The purple shimmer of the silver paintwork, the office curtains masquerading as seat covers, white-leather interior trims with fluffy white edges: a design which evokes a response of sheer horror in connoisseurs. “Who the hell did that?” Frigge is often asked when Porsche experts come face-to-face with the car. “They wanted a disco car,” he replies pithily. He does not betray his secret – that the vehicle was once owned by Louise Piëch. Instead, he explains that the car was designed and “retrofitted” for an “lady in her twilight years”, who had used a walking frame to make her way as far as the driver’s door before falling into the seat and accelerating away. Frigge can sympathise with the dismay felt by Porsche purists: “You need a very high pain threshold to leave the original design unchanged,” he chuckles, “but none of that matters as soon as you drive the car.” Louise had not requested any other special features. Despite the unconventional fabrics and colours, Frigge believes that the car is “the epitome of understatement”.
Frigge’s passion for Porsche was first sparked in the car wash of a VW dealership. He started working there part-time at the age of 15, and Porsche vehicles were among those he buffed and polished. He fell in love for the first time with an Irish Green 356 C with cognac-coloured interior. He even tried to persuade his father to buy the car. But his father did not think that the 356 was an appropriate family car, and stuck with a Mercedes. In 1987, Frigge bought himself a green 911 Carrera RS; after that, he concentrated on the early 911 models. His infatuation with Porsche is inspired by the marque’s legendary motorsport roots. He believes that the cars are “never perfect”, but “rough, noisy and stubborn” – and that this is a good thing. A certain willingness to suffer is required. According to Frigge, the sports cars make “a hell of a noise” and are a great way to impress the ladies, even if some of his female passenger complain about back pain after going out for a quick spin. He chuckles.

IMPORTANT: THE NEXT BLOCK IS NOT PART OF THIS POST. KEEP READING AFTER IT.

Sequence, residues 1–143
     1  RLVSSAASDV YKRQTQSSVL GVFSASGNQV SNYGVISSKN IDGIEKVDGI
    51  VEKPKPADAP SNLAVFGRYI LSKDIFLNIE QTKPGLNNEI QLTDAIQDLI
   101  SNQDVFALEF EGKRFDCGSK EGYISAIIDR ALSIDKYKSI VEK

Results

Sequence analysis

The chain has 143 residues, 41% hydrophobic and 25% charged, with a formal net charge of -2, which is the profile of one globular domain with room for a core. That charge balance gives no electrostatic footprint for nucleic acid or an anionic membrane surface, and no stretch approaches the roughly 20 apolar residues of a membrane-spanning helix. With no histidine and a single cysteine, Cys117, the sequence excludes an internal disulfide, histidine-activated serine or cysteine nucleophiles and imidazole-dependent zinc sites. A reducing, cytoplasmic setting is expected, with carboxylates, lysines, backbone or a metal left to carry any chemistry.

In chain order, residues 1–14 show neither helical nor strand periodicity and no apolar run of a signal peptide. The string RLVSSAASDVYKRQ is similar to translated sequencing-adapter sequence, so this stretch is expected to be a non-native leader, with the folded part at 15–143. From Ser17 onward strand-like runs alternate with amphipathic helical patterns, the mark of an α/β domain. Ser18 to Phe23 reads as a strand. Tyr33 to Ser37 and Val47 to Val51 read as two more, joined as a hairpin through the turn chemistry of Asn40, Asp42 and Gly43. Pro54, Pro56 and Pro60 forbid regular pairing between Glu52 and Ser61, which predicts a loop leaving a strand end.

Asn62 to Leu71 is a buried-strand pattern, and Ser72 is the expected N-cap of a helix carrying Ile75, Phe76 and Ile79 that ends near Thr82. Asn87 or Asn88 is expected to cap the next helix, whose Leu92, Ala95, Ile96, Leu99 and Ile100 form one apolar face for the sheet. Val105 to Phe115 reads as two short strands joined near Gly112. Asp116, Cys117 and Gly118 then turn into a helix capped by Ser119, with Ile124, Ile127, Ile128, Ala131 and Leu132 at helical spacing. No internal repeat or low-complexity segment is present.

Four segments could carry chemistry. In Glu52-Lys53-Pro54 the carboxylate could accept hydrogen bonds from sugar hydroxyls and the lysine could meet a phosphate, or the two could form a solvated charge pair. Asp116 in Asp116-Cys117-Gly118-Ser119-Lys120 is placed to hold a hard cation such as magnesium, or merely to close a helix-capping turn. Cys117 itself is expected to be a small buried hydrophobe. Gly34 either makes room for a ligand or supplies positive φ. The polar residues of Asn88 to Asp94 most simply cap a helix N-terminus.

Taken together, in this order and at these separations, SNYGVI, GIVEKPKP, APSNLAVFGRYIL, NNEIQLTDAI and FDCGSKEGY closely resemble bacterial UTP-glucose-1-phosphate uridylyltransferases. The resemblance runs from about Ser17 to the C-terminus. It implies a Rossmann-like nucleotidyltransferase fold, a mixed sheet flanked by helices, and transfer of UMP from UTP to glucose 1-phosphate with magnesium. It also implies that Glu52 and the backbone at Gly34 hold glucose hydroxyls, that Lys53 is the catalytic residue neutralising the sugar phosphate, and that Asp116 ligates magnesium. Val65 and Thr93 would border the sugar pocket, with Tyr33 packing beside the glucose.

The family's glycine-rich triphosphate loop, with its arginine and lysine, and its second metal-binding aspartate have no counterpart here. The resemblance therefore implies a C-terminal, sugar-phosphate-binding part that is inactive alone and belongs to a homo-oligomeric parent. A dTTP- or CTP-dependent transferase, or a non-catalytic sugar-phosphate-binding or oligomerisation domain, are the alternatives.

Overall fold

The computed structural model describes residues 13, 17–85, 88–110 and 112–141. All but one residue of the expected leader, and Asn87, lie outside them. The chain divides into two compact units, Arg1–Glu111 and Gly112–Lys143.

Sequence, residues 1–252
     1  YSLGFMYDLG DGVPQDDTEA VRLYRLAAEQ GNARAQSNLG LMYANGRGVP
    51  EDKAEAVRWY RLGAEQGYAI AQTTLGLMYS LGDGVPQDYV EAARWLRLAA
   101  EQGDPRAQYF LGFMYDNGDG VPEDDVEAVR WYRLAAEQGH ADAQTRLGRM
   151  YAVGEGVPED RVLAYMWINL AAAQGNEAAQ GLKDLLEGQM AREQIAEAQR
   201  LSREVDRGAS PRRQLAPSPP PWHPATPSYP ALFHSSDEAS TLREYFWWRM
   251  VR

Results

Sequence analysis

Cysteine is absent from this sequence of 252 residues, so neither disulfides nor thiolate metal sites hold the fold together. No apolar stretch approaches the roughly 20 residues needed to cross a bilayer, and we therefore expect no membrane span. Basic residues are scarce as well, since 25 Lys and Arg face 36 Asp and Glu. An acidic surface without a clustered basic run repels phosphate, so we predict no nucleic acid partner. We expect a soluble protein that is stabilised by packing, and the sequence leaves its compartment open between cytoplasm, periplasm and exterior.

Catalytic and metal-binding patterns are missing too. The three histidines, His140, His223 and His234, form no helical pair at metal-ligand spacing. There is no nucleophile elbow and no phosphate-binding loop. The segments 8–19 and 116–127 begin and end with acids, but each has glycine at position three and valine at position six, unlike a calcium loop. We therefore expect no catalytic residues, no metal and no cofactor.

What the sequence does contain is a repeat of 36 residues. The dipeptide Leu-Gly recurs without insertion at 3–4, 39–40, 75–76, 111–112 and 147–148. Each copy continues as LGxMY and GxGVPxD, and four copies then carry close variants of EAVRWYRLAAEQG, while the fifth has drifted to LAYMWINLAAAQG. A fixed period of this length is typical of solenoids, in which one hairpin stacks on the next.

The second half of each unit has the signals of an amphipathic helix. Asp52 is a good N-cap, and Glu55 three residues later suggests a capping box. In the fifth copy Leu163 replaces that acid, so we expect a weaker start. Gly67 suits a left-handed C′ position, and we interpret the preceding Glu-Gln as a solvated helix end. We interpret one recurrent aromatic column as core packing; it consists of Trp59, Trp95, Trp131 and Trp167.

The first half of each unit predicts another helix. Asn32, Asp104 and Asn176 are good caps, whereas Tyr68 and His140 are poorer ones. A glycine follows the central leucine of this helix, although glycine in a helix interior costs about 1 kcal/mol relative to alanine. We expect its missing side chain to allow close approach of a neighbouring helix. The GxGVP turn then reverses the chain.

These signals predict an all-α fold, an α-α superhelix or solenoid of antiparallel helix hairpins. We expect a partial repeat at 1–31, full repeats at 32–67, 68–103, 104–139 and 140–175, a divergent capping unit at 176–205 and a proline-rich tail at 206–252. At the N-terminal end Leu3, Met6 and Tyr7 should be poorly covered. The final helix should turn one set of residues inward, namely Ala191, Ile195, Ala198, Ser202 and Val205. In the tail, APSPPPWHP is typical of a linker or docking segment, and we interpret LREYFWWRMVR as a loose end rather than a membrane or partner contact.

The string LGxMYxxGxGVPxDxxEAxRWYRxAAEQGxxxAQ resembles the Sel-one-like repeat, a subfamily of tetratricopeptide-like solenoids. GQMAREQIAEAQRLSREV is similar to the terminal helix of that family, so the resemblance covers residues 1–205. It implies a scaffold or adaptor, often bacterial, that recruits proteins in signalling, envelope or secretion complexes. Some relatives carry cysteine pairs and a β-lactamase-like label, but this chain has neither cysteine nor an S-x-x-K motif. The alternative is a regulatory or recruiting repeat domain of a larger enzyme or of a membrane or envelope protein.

The car is now in illustrious company in a former tank hanger of the Canadian Army. The other Porsche models owned by Frigge (who cannot remember the exact number) stand alongside an old Mercedes which once belonged to a famous German private banker in the 1950s, a rare VW Beetle and one of the half-dozen Messerschmitt cabin scooters which are still roadworthy. And there is still space for other vehicles in the large garage. Who knows what other automotive rarities will soon take their place alongside Louise’s last Porsche? She’d be delighted with the new home of her last birthday gift.
Text first published in the magazine "Porsche Klassik 12".
Text by Klaus Vogt // Photos by Matthias Jung